I’m either a month late reviewing this, or 6 weeks early, depending on your perspective, for The New OK has been available digitally since the 2nd of October, but bizarrely isn’t released in physical format until December 18th.
Whatever the uncertainty regarding release dates, however, what’s certain is that The New OK further cements my belief that Drive-By Truckers ought to be revered as one of the greatest bands in musical history. And that’s no exaggeration, for ever since their 1998 debut Gangstabilly, they have been constantly striving to better themselves, pushing in ever-changing directions while maintaining that classic Truckers sound. The result is that they always sound fresh, and although, granted, you could hardly suggest leaps of OK Computer >>>>> Kid A proportions, the fact is that Drive-By Truckers never, ever, sound like a pastiche of themselves.
A case in point here is ‘Sea Island Lonely‘ just over halfway through the latest long player. While most descriptions of the band would have them positioned as a “Southern Rock band“, you listen to the latter track and hear shades of both Marvin Gaye circa Midnight Love and Geno Washington and his Ram Jam Band, brass and all, while underlining their appreciation of punk too, with their rousing version of The Ramones‘ ‘The KKK Took My Baby Away‘ that closes out the album.
Immediately before that one is a song that surely must stand as one of the greatest pieces in the DBT canon yet, and certainly one that Patterson Hood, if he never wrote another thing, could look back on and think “Yep. We NAILED that one!” – quite frankly, ‘Watching The Orange Clouds‘ – despite its subject matter – is a stupendously beautiful number, a knowing nod to Crosby, Stills and Nash musically, at least at its inception, while Mike Cooley‘s guitar creates such a powerful atmosphere that you kind of feel like you’ve been whisked off to the desert somewhere, although the lyrics themselves refer specifically to the protests in the aftermath of George Floyd’s unlawful killing by Minneapolis police.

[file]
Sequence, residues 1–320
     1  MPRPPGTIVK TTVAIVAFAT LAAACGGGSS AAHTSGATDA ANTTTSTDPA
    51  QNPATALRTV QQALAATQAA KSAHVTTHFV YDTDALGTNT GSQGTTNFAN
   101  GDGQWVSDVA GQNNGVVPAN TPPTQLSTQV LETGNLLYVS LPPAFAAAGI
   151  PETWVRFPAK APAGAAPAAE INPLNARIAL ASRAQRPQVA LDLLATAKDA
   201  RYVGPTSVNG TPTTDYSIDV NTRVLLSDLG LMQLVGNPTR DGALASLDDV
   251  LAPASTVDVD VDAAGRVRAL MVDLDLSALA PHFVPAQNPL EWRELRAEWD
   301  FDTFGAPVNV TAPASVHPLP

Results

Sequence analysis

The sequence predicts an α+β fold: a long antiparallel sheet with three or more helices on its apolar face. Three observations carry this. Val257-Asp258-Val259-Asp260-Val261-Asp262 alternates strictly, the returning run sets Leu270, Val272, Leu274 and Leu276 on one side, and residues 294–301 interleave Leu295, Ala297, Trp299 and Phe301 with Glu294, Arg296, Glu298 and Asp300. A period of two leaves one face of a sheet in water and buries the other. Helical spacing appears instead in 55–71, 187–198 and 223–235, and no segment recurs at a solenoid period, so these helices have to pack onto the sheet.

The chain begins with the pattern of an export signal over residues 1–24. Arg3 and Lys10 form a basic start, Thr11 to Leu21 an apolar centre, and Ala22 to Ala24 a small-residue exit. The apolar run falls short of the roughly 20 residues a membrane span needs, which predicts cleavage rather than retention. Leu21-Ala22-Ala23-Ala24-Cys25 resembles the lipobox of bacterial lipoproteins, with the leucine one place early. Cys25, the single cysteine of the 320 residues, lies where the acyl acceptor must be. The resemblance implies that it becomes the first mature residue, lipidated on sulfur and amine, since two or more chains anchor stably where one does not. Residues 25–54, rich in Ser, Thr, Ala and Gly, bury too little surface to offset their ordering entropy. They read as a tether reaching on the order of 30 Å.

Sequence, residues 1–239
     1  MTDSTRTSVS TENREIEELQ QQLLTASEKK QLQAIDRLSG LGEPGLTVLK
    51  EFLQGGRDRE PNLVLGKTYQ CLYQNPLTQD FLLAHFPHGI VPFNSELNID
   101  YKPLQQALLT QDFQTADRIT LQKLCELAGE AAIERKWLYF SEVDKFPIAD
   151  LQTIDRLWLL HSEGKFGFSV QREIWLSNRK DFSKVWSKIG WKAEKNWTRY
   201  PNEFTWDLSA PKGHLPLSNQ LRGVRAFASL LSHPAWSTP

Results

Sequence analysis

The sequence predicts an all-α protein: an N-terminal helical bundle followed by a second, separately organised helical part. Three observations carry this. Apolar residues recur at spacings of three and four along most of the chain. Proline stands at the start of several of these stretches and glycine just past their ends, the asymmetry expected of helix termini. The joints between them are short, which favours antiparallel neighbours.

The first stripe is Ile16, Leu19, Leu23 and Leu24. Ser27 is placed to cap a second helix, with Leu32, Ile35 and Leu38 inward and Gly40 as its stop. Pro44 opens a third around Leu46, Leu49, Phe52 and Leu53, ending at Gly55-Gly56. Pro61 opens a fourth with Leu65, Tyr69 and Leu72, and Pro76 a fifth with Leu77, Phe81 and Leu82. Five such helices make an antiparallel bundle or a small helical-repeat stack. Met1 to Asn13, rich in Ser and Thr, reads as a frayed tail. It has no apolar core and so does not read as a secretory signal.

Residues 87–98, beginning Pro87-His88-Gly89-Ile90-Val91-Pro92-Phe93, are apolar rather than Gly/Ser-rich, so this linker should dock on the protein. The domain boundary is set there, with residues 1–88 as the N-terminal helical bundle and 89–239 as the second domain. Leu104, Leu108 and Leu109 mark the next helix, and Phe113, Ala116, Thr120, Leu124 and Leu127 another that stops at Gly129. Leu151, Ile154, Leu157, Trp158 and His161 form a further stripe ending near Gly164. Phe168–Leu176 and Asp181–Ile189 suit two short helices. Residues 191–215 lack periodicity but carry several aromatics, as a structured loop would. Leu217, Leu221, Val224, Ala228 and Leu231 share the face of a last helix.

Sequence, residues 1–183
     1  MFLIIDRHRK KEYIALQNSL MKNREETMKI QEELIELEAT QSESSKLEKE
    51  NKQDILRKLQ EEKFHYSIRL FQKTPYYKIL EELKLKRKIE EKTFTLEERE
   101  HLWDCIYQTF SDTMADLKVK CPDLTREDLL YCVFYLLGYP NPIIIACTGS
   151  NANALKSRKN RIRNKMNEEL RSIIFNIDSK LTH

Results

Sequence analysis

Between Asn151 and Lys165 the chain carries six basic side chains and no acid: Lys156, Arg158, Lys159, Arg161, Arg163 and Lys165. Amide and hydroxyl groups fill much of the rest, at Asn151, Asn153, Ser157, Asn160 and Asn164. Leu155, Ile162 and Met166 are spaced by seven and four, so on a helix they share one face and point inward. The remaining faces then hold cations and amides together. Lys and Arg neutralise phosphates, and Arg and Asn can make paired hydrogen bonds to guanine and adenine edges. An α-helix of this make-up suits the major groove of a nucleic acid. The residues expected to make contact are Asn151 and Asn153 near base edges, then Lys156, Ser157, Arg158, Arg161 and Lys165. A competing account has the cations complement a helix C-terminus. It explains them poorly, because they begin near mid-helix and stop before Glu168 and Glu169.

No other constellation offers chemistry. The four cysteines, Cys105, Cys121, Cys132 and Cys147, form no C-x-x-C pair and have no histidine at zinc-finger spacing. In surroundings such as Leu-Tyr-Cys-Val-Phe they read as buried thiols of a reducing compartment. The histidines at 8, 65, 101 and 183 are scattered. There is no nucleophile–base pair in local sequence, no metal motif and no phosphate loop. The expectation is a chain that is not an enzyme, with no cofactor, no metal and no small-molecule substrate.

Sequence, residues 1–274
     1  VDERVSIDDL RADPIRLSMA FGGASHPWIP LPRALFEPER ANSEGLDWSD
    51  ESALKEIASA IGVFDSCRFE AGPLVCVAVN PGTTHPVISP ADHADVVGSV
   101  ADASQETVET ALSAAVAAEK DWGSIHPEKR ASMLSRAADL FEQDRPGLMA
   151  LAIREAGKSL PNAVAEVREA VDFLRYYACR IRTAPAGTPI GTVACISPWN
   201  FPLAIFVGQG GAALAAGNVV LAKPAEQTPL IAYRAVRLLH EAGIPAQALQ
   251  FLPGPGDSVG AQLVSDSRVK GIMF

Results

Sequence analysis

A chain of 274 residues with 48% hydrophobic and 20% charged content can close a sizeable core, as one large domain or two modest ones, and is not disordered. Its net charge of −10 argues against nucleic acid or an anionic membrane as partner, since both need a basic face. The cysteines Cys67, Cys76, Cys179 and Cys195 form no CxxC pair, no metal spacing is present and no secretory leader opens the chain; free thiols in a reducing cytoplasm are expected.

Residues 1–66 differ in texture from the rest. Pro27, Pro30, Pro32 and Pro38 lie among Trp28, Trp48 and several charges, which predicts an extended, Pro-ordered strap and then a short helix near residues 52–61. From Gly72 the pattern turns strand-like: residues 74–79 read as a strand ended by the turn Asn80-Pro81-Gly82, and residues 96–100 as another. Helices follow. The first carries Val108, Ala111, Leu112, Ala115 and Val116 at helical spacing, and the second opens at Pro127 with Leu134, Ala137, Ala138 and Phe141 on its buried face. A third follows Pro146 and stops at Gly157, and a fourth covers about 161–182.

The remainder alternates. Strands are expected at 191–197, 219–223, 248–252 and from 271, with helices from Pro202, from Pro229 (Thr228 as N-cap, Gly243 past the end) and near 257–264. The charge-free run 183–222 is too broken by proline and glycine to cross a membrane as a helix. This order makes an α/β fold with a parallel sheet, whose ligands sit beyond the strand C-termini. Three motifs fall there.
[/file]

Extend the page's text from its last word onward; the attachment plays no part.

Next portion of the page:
On the whole, The New OK is a far more positive sounding album than we’ve heard from the band in recent years. You wouldn’t know it from the opening lyrics of the title track: “On the big wingspan of your best-laid plans, a world that ain’t worth knowing in the palm of our hands” but takes time to acknowledge those movements and folk working towards a greater good for the sake of the country – “It’s a battle for the very soul of the USA.”
Cooley’s ‘Sarah’s Flame‘ is typically astute storytelling, beginning with the lyric “Sarah memorized every bumper sticker on the back of every pickup with a rebel flag” and instantly we’re hooked into the song’s murky underbelly, Cooley’s wistful vocal irresistible here, while ‘Tough To Let Go‘ – which apparently came to Hood in a dream – is an appealing waltz time number that harks back to late sixties England in its composition. And oh those horns, and that organ! Amazing stuff.
Interestingly, ‘The Unraveling‘ makes it on to the latest album, rather than its namesake predecessor, and bassist Matt Patton takes lead vocals, which add yet another new element to their sound – a post-punk style becoming apparent. These little changes every now and again are what makes me STILL after all these years get excited for new DBT albums. Recent single ‘The Perilous Night‘ too, further showcases how diverse this band can be, a blistering, funked up number with a similar feel to The Clash‘s ‘Rock The Casbah‘.
Most bands have dried up creatively by the time of their third album. The fact that Drive-By Truckers have hit a purple patch this late in their career, so that The New OK stands up as one their career highpoints, speaks volumes. Once again, a fabulous record.
The New OK is out now digitally and released physically on 18th December through ATO.